But it’s in things like the planning of your life. That constant looking at your phone just in case that text is actually offering you a shift and you don’t want to miss it. 😦

You don’t need a diary (you’re scared to put anything in it anyway) because every date is in your brain anyway and you know when you are unavailable for cups of coffee. The flexibility that my current and future rotas offer me is good but I find it strange that I can take holidays or go sick and still get paid for it – but that’s the freelance in me.

I have booked a long weekend in March and I really should be planning to go away (any suggestions? Any volunteers?) but hang on; that’s a busy time for editing and I don’t want to let anyone down…..

(I must do a good job for people as one man this week paid me 50% more than I asked for but that doesn’t happen often).

http://www.thewordprocess.net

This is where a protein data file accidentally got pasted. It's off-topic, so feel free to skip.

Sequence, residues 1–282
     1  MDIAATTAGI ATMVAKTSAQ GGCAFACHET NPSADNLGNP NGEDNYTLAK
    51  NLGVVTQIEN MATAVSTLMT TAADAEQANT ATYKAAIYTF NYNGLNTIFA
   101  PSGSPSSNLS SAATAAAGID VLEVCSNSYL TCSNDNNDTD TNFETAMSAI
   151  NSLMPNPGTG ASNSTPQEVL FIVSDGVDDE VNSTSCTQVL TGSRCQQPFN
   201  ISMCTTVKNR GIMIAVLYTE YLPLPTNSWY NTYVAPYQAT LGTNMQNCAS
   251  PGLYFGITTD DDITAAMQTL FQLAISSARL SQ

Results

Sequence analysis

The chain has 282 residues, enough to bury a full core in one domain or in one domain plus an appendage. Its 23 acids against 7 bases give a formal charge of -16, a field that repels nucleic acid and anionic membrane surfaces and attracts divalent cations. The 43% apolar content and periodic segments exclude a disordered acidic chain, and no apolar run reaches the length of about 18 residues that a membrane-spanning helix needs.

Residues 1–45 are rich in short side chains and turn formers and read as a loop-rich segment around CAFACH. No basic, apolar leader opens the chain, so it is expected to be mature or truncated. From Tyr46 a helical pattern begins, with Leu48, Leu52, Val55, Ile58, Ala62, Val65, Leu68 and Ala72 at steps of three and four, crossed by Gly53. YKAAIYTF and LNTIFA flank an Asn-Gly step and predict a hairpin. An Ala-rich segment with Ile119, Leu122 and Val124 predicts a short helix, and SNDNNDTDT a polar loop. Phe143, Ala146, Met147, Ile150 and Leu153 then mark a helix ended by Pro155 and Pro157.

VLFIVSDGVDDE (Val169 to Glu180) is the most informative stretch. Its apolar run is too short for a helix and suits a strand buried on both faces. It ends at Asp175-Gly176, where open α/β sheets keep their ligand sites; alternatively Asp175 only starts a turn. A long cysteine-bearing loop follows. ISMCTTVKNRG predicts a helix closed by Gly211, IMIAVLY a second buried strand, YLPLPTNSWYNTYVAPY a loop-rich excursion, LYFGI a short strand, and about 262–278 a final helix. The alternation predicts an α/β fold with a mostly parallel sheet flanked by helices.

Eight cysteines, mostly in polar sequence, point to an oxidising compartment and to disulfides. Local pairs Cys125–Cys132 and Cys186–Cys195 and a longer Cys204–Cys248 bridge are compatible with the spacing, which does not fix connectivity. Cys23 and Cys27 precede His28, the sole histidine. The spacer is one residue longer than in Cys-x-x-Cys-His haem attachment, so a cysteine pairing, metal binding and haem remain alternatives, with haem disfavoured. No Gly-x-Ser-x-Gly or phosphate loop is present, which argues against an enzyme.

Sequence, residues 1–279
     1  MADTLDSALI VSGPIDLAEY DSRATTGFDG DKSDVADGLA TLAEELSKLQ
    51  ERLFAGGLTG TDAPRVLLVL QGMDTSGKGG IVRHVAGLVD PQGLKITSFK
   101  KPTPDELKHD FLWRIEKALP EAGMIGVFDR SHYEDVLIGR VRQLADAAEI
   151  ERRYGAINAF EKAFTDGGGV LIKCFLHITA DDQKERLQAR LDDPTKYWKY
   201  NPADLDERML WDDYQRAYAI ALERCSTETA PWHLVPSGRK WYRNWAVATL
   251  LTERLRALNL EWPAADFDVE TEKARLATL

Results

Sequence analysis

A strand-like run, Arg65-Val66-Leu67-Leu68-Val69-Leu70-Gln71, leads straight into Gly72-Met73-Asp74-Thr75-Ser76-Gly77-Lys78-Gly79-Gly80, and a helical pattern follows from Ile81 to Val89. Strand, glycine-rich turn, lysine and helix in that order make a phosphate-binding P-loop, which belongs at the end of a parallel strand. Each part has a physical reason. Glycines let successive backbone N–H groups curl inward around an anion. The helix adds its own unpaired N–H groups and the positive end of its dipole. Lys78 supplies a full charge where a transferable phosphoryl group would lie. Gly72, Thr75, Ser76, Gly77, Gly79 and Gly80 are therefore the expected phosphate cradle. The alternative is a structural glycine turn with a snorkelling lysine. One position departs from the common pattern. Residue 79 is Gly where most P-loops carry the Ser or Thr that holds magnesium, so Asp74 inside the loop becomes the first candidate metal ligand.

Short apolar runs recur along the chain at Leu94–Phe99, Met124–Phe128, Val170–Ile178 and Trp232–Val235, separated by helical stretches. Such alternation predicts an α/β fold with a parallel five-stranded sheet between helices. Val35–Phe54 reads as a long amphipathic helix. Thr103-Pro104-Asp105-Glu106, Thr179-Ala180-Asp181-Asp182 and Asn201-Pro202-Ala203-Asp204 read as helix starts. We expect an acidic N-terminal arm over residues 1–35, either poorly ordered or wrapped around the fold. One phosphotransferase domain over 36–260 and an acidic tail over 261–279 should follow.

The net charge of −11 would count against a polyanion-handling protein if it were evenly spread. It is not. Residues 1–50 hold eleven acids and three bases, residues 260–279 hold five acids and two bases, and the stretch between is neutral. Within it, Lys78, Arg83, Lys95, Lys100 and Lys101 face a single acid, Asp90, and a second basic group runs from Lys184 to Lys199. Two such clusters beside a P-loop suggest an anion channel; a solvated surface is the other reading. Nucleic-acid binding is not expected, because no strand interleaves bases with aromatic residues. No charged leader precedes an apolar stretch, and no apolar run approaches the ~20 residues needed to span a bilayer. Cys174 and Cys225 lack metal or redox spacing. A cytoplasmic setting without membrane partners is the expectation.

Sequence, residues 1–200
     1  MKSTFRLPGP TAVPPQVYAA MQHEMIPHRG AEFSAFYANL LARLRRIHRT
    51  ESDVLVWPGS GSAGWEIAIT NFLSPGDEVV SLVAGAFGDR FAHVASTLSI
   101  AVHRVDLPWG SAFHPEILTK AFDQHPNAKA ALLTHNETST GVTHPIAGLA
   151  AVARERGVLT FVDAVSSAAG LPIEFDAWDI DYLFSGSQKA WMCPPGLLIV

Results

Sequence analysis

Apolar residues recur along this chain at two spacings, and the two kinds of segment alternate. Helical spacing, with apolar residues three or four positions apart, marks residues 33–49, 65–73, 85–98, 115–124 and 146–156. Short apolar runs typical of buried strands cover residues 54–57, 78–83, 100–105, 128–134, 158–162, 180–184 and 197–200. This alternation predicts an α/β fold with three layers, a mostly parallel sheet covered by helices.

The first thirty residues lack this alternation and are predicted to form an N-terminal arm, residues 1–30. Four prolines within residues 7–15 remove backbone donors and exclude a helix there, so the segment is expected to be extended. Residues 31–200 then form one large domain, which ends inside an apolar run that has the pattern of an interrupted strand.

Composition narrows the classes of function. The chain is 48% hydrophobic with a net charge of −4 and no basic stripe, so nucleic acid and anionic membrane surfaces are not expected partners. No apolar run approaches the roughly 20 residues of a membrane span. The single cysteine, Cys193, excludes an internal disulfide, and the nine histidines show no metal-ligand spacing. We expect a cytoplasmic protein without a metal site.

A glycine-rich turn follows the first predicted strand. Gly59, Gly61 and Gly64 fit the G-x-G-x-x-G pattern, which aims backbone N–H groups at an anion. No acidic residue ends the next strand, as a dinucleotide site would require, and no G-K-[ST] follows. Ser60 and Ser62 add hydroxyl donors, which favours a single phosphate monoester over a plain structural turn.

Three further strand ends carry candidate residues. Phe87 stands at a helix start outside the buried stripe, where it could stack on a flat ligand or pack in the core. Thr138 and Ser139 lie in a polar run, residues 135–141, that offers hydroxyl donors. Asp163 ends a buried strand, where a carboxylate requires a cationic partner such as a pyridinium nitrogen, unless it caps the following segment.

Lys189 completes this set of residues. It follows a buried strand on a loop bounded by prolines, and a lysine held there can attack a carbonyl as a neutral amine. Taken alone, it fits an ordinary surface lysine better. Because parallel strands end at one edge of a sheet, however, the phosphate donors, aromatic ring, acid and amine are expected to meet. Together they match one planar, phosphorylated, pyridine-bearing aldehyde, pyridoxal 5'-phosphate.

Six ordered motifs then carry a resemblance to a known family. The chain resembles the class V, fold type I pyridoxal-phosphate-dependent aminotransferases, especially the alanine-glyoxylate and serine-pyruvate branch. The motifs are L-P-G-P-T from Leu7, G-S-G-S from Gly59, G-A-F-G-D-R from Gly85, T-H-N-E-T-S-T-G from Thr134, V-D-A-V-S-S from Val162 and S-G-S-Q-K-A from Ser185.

But times and timing have always been important to me. I don’t often talk about the weeks before Cold Turkey but I knew something was up when I turned up on the wrong day for a doctor’s appointment….(that and the shaking and sweating until I got a whisky inside me)…..I don’t do that. I used to be the producer of live radio programmes which relied on people getting into studios all over the world at an agreed time.

And finally how long do chocolate bees last before they come to the end of their useful lives and need putting down?

Cya, still wearing that badge and still keeping it simple.

Iaint850, as cool as, man, as cool as…….

So a wee bit, if I may, about the quote at the top.